The bus ride was approximately three and a half hours and interesting in that the bus had to be barged across part of the lake. It made me nervous since the bus was tall on the small wooden barge that only fit the bus plus one more vehicle. The window wouldn’t slide either and I began fearing the thing would tip over into the lake. What would I do if it did that? I saw that the main door was powered by hydraulics. Hmmm. Not good. Before I knew the bus was going to drive onto a barge, most of the passengers got off. I thought it must have been their stop, but realized that wasn’t the case when everyone got back on again on the other side. Wow! Yeah, I guess I should have too and I wondered how often accidents occur.
Arriving in La Paz was a bit of a ordeal. The bus driver just dropped me off on the side of the road in the middle of the city. I had no clue where to go, so I stopped in at the first internet cafe I could find. Luckily Duane had sent me a message at that moment so I knew he was on-line. He told me to go to the bus station which was near the train station.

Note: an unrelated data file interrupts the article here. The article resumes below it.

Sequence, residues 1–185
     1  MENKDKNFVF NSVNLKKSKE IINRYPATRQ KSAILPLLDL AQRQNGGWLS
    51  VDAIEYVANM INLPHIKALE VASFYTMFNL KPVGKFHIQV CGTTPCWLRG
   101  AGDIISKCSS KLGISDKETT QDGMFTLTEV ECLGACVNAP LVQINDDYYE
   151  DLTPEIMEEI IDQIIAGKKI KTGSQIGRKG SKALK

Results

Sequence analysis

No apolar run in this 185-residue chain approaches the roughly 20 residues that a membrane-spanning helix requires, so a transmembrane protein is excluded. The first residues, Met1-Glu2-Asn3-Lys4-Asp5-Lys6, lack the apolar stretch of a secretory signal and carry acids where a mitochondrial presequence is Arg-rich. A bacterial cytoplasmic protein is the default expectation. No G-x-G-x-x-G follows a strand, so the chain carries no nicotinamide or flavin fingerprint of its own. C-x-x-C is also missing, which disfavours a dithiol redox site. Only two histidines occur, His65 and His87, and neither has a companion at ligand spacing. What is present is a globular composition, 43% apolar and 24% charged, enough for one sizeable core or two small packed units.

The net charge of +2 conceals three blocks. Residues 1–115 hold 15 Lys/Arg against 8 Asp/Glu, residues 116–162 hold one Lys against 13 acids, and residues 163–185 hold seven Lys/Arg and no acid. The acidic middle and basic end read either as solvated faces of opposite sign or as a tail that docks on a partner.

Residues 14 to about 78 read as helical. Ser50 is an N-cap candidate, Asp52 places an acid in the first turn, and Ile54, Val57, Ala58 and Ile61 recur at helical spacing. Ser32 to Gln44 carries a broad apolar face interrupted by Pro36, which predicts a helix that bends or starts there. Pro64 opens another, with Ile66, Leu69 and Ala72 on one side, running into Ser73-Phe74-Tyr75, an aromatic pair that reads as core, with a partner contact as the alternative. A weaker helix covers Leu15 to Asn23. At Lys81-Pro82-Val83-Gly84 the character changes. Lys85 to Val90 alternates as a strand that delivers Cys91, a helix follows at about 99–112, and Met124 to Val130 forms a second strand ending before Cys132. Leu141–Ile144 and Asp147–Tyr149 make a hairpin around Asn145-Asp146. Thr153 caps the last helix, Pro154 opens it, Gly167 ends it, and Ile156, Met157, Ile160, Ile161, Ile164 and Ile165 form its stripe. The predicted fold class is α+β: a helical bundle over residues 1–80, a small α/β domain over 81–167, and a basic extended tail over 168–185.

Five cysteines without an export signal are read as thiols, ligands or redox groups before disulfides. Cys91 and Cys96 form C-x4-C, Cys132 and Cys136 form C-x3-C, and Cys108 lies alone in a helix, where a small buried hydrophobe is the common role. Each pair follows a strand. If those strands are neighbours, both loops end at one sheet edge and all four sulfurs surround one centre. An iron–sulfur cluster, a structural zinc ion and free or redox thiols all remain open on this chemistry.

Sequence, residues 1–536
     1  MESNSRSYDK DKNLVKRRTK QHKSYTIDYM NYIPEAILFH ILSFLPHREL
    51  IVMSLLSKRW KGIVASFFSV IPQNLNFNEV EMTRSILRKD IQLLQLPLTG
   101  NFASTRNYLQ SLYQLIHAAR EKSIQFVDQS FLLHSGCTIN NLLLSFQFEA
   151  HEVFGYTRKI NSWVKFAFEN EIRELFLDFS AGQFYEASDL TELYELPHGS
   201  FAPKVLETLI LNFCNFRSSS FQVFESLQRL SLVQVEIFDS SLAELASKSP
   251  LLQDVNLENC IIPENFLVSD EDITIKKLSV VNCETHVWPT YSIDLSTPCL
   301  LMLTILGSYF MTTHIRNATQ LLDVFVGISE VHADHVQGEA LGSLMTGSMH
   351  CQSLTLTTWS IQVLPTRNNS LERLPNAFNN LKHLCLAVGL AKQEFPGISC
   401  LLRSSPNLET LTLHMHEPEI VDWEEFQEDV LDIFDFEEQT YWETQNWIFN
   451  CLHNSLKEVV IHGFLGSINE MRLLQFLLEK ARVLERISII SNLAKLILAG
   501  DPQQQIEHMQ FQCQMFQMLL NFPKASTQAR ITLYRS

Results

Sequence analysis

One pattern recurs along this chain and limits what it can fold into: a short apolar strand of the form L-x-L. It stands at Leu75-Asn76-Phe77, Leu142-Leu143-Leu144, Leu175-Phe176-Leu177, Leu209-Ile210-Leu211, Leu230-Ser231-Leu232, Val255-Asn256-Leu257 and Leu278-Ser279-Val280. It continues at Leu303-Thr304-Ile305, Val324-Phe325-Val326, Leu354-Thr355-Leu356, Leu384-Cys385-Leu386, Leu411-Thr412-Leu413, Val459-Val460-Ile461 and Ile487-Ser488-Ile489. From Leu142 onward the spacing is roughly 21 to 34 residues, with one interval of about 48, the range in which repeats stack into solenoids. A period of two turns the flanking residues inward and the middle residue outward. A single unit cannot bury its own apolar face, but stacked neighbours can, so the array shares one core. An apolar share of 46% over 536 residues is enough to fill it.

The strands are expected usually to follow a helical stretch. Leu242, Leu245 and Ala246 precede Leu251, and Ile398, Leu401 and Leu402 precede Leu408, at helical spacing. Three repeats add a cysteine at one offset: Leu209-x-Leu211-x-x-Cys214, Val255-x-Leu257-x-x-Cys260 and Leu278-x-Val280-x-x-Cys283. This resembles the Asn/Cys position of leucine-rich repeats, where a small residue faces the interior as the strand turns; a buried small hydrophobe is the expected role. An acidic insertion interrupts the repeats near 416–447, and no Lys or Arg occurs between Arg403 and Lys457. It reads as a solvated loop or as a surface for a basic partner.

Unfortunately the train station no longer operates. There was pink tape all around the outside of the building and I couldn’t see the bus station. Before I had left the internet cafe, I was smart enough to prepare some questions in case I got lost. One was, “ Me puede ayudar por favor? Dónde está la estación de tren?” which I then converted to, ” Dónde está la estación de autobus?” when I realized there was no train station anymore. I received many different directions, but finally was directed to a mini-bus which took me up the hill above La Paz to another mini-bus which took me here to Viacha, a small town where I will stay for a couple of weeks to do some volunteer work.